Background/aim: Amitriptyline belongs to class of known as tricycline antidepresant (TCA) that is being used to treat anxiety and depressive states. It may help improve mood and feelings of well-being, relieve anxiety and tension, help to improve sleep and increase energy level. The study investigated the effect of amitriptyline on learning and memory using eighteen (18) healthy Swiss mice of both sexes weighing 16 – 25 g. Method: The animals were divided into three (3) groups consisting of six (6) animals each. Group 1 served as the control group, Group 2 was administered with amitriptyline at a dose of 3 mg/kg body weight dissolved in 3 mls of distilled water, and used to test for learning, while Group three was also given similar administration like Group 2, but used to test for memory. All the animals were tested for learning and memory performance using Novel object recognition task and Morris water maze test. Results: The results obtained from the Novel object recognition task showed that there was a significant decrease (p < 0.05) in total object approach in acquisition trial of amitriptyline treated group when compared to the acquisition trial of the control group. There was a significant decrease (p < 0.05) in retention trial of amitriptyline group when compared to retention trial in the control group. There was a significant decrease (p < 0.05) in total duration exploring objects in acquisition trial of amitriptyline treated group when compared to the acquisition trial of the control group. There was a significant increase (p < 0.05) in total duration exploring objects in retention trial of amitriptyline treated group when compared to the retention trial of the control group. There was a significant decrease (p < 0.05) in the index of habituation of amitriptyline treated group when compared to the control group. The index of discrimination showed a significant increase (p < 0.05) in amitriptyline treated group when compared to the control group and a significant decrease (p < 0.05) in amitriptyline group when compared to the control group. In the Morris water maze test, Day 1 – 3 were for acquisition training, day 4 – 6 reversal training, day 7 the probe trial day and day 8 the visible platform day. During acquisition training in the Morris water maze test, there was no significant difference in Swim latencies in day 1 and 2. However in day 3, there was a significant increase (p < 0.05) in swim latency of group compared to control group and a significant decrease (p < 0.05) in swim latency of amitriptyline treated group compared to the control group. During reversal training in day 1, 2 and 3, there was no significant difference in swim latency among the three groups. Results for the retention quadrant in the probe trials showed a significant decrease (p < 0.01) in amitriptyline group when compared to the control group. Conclusion: Results suggest that amitriptyline impairs learning and memory functions.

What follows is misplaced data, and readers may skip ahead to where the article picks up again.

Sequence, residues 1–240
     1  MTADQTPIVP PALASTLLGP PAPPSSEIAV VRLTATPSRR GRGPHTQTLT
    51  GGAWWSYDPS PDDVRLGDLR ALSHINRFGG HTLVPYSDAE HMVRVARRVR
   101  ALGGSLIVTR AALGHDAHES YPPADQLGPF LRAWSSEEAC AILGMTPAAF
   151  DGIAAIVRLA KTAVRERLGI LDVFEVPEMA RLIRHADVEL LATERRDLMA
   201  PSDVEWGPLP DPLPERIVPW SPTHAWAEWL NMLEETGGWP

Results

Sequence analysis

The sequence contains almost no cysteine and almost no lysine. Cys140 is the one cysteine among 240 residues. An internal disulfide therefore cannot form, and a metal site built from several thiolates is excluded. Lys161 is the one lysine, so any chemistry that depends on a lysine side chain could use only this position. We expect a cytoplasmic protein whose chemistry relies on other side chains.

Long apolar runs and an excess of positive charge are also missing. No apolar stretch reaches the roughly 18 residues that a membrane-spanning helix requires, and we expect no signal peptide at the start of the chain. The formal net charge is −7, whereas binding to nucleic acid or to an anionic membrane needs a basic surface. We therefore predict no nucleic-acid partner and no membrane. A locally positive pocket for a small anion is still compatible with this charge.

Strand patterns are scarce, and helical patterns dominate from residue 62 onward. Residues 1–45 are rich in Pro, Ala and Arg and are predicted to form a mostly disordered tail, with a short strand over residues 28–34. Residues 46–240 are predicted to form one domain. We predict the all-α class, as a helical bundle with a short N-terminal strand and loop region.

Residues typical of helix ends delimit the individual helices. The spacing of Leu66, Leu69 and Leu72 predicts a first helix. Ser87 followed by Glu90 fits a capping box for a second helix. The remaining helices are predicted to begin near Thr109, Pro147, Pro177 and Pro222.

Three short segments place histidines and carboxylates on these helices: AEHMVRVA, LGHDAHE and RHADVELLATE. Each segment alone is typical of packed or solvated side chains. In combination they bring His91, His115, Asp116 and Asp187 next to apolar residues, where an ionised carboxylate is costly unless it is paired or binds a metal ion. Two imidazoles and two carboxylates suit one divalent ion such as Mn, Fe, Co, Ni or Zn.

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Depression and anxiety in patients with suspected renal artery stenosis

Published on: 6th September, 2021

OCLC Number/Unique Identifier: 9244771644

Objective: To investigate the occurrence of depressive and anxiety disorders in patients remitted for endovascular treatment of renal artery stenosis (RAS), and whether symptoms of depression and anxiety can be reduced after the treatment of RAS with percutaneous transluminal renal angioplasty (PTRA).Methods Patients: Selected for renal angiography with pressure measurement in the renal arteries due to suspected RAS were invited to participate in the study. 37 patients agreed to answer a questionnaire. Eighteen patients also agreed to a clinical psychiatric examination including the International Neuropsychiatric Interview (M.I.N.I. 6.0) to be diagnosed according to the DSM-IV. Results: Twenty-one of the 37 patients completing the questionnaire were found to have a pressure gradient of ≥ 10 mmHg at angiography, indicating significant stenosis. Ten of the 18 examined patients met the criteria for current DSM-IV anxiety diagnosis and two patients had a current depression. Three of the 18 examined patients had previously made a suicide attempt. Conclusion: The results of this study suggest that patients with suspected RAS have a high psychiatric comorbidity, as 56% of the patients undergoing psychiatric examination met the DSM-IV criteria for a current anxiety disorder.
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Observation of telepsychiatry service in a teaching hospital of eastern Nepal during COVID-19 pandemic

Published on: 14th October, 2021

OCLC Number/Unique Identifier: 9305376438

Considering the geographical complexity and adversity, online communication and consultation are viable method in Nepal. The COVID-19 pandemic has accelerated the already starting trend of use of these technologies in medicine. In BPKIHS, telemedicine efforts were already initiated; lockdown rather warranted its maximum use. Here is an account of the observation made in telepsychiatry service provided by a consultant psychiatrist of its department of psychiatry. It is an institute-based observation noted for all the telepsychiatry consultations in 9 random duty days of the COVID-19 pandemic. Basic necessary information was noted down in a semi-structured proforma, like: socio-demographic, clinical information and advice provided. There were 104 subjects; 73 follow-up and 31 new: 60 male and 44 female cases. Clients of multi-ethnic groups were the most from urban, then semi-urban and least from rural areas. More consultations were for young age-groups and from nearby districts of Sunsari. Mood, somatic (sleep), anxiety were the top presenting complaints and 8/104 clients had suicidal symptoms. Maximum follow-up cases were improving. The most common diagnoses were: Mood (Depression and Bipolar), Anxiety, Psychosis and Substance use disorders. Most common treatment advices included: Antidepressants, Antipsychotics, Benzodiazepines and Counseling/psycho-education. Telepsychiatry is a viable method of delivering service even during the pandemic.